Finally, the present study has some limitations. First, our method (ECM) relies on resting-state measurements of the BOLD signal; thus we do not have a behavioral measure that could prove the relevance of our stimulation protocols. Hence, we cannot directly claim that the effects that we observed are linked to behavioral consequences of tDCS. However, we used an established and frequently tested stimulation setup known to improve motor performance and learning (see e.g., Nitsche et al. 2003c; Vines et al. 2008). Here we aimed to study changes in functional connectivity elicited by these established stimulation protocols. Therefore, our study should be considered in line with previous studies that explored neurophysiological effects of tDCS in the absence of a behavioral task (e.g., Nitsche et al. 2003a; Nitsche and Paulus 2000; Polania et al. 2011b; Zheng et al. 2011). Second, by using rs-fMRI and a data-driven analysis approach (ECM), we certainly cannot claim to provide a complete picture of tDCS-induced connectivity changes. However, the scope of the present study was to obtain a global picture of tDCS-induced functional connectivity changes without hypotheses about special brain regions. To further elucidate the specific involvement of certain brain regions, such as the stimulated M1, more hypothesis-driven approaches should address these issues in future studies. Third, to avoid any potential bias from baseline differences in ECM between conditions (sham, bilateral, and unilateral tDCS over SM1) we normalized the ECM maps during and after tDCS against baseline. This analysis is in line with a recently published study investigating aftereffects of tDCS over the dorsolateral prefrontal cortex. Since we found in an additional analysis that baseline ECM maps were in fact different between conditions, the possibility remains that baseline differences per se might have influenced the tDCS-induced ECM changes. Similar findings have been reported in recent noninvasive brain stimulation studies, a phenomenon known as homeostatic plasticity (Ziemann and Siebner 2008). More specifically, we cannot entirely rule out the possibility that the individual preinterventional state might have had an impact on subsequent tDCS-induced ECM changes. The impact of homeostatic plasticity on ECM changes should therefore be of interest in future investigations.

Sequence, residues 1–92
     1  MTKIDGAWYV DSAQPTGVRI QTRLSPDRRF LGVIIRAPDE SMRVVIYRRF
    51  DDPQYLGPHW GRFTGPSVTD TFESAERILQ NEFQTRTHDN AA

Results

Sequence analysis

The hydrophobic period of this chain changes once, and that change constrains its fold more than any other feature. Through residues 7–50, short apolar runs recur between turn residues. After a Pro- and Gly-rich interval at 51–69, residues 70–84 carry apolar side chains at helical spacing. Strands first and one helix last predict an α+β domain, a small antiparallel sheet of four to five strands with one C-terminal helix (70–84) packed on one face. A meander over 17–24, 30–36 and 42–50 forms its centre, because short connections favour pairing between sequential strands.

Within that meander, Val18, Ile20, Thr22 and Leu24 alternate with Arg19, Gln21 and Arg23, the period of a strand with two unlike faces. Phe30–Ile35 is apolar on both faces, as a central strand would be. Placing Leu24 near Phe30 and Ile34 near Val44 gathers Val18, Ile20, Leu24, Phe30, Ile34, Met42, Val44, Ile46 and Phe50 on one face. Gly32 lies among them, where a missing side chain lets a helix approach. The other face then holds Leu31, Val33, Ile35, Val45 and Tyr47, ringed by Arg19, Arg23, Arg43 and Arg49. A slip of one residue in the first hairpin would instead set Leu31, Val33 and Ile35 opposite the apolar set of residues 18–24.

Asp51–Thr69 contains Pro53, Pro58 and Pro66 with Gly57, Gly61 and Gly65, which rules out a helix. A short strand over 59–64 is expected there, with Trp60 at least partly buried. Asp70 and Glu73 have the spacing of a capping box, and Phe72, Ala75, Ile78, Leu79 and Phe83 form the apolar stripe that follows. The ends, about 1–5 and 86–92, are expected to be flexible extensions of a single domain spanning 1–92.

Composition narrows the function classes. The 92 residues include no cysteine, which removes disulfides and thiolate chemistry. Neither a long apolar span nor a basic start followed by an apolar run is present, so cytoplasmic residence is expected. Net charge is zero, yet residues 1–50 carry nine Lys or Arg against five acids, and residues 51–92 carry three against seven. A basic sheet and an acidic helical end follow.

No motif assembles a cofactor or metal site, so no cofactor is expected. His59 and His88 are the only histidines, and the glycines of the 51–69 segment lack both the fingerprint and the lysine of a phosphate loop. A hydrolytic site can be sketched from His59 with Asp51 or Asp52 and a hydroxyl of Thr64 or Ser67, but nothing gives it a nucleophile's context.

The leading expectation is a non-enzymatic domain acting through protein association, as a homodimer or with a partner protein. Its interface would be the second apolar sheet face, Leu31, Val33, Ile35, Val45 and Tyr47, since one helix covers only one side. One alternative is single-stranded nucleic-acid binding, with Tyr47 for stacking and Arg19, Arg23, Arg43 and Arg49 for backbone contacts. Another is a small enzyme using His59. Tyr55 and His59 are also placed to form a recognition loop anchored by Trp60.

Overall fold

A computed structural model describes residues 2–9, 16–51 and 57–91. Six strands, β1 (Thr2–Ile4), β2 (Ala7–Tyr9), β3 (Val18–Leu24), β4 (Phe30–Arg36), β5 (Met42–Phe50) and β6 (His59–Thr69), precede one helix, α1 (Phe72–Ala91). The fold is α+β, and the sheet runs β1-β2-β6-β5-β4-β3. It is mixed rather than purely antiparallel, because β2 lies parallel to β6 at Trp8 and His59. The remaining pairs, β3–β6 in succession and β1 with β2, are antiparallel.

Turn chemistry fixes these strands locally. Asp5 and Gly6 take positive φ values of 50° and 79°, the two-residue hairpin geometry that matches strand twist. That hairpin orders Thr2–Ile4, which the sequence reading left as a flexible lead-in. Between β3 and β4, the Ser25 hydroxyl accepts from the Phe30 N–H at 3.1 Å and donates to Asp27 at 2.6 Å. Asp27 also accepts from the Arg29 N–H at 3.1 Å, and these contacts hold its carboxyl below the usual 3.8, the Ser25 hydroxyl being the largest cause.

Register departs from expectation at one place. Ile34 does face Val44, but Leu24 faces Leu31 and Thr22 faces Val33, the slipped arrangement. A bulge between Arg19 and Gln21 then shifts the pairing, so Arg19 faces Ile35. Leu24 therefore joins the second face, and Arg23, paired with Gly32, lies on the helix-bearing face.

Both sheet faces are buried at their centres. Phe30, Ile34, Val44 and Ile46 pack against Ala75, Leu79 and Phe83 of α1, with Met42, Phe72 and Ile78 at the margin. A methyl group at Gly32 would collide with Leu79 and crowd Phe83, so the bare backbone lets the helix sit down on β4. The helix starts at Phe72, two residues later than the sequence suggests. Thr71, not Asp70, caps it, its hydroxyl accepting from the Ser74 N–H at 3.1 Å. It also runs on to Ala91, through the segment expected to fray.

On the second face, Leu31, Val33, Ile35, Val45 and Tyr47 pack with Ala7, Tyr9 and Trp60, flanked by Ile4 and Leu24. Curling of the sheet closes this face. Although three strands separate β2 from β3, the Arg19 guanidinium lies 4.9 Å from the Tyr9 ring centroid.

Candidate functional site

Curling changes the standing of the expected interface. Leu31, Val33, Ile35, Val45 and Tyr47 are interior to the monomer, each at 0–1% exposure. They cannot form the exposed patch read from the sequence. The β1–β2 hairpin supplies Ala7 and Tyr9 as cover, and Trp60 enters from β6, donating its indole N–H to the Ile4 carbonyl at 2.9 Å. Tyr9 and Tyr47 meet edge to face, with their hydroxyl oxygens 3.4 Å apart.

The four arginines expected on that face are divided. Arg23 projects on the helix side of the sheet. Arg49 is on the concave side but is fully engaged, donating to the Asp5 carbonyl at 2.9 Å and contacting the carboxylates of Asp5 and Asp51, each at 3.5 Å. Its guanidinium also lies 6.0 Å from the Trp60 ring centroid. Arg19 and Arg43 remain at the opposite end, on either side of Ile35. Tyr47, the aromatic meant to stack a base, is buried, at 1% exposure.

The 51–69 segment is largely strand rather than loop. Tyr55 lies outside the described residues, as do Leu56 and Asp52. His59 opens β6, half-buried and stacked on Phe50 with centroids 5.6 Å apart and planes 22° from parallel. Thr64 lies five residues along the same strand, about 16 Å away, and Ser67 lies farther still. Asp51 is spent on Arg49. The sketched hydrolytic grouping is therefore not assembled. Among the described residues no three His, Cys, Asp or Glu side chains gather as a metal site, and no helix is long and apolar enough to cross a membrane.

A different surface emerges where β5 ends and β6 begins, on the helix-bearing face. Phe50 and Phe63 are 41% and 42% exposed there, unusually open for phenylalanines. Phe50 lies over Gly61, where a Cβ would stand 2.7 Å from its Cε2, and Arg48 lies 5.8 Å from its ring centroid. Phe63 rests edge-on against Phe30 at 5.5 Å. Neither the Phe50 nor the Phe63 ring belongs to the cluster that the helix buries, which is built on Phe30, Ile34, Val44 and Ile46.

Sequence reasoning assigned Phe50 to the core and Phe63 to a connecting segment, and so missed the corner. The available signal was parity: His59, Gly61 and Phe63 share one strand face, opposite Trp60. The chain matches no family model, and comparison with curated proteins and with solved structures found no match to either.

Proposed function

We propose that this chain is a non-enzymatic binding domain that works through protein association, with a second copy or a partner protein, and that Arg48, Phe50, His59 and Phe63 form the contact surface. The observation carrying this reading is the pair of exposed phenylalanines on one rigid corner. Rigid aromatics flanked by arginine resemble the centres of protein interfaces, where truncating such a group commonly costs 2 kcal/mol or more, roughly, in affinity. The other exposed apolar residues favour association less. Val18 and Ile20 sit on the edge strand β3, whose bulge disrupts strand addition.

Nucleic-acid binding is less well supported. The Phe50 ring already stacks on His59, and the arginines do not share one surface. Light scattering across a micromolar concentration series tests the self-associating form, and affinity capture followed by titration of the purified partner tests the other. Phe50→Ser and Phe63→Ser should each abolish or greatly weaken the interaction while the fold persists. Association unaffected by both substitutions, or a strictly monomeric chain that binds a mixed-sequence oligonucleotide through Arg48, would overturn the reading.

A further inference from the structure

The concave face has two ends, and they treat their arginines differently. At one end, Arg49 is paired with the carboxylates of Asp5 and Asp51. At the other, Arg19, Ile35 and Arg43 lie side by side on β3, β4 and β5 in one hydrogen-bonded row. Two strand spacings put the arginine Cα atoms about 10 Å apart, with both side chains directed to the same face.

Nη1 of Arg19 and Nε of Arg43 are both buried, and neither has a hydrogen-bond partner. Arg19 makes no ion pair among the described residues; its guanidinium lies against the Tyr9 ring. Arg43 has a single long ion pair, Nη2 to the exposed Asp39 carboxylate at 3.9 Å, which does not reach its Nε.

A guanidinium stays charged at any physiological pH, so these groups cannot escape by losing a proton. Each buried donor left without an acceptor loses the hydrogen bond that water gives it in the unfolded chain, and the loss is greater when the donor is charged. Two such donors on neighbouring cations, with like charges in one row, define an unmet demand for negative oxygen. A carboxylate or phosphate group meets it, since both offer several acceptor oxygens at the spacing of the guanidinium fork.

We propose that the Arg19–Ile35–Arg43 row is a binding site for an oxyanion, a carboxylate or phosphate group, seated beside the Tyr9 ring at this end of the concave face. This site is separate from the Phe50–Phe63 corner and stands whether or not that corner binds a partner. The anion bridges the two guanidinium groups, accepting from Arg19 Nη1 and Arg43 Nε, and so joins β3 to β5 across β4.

In the present study, we did not record respiration and heartbeat to model physiological noise. Therefore, we cannot rule out the possibility that these parameters might influence our research findings. However, a previous study investigated the influence of these parameters on rs-fMRI data and highlighted that default-mode network changes cannot be explained by cardiorespiratory processes alone and are likely related to cognitive neuronal processing (van Buuren et al. 2009). Therefore, we are confident that the observed tDCS-induced ECM changes are not contaminated by physiological noise.
In summary, we have demonstrated that tDCS over SM1 induces widespread and dynamic changes in resting-state functional connectivity both during and after stimulation. The pattern of network connectivity changes is temporally and spatially dispersed and critically depends on the stimulation setup (unilateral and bilateral tDCS over SM1).
No conflicts of interest, financial or otherwise, are declared by the author(s).
Author contributions: B.S., D.M., A.V., and P.R. conception and design of research; B.S., M.T., and P.R. performed experiments; B.S., A.S., J.K., D.M., and V.C. analyzed data; B.S., A.S., J.K., D.M., V.C., M.T., A.V., and P.R. interpreted results of experiments; B.S., A.S., and J.K. prepared figures; B.S., V.C., and M.T. drafted manuscript; B.S., A.S., J.K., D.M., V.C., M.T., A.V., and P.R. edited and revised manuscript; B.S., A.S., J.K., D.M., V.C., M.T., A.V., and P.R. approved final version of manuscript.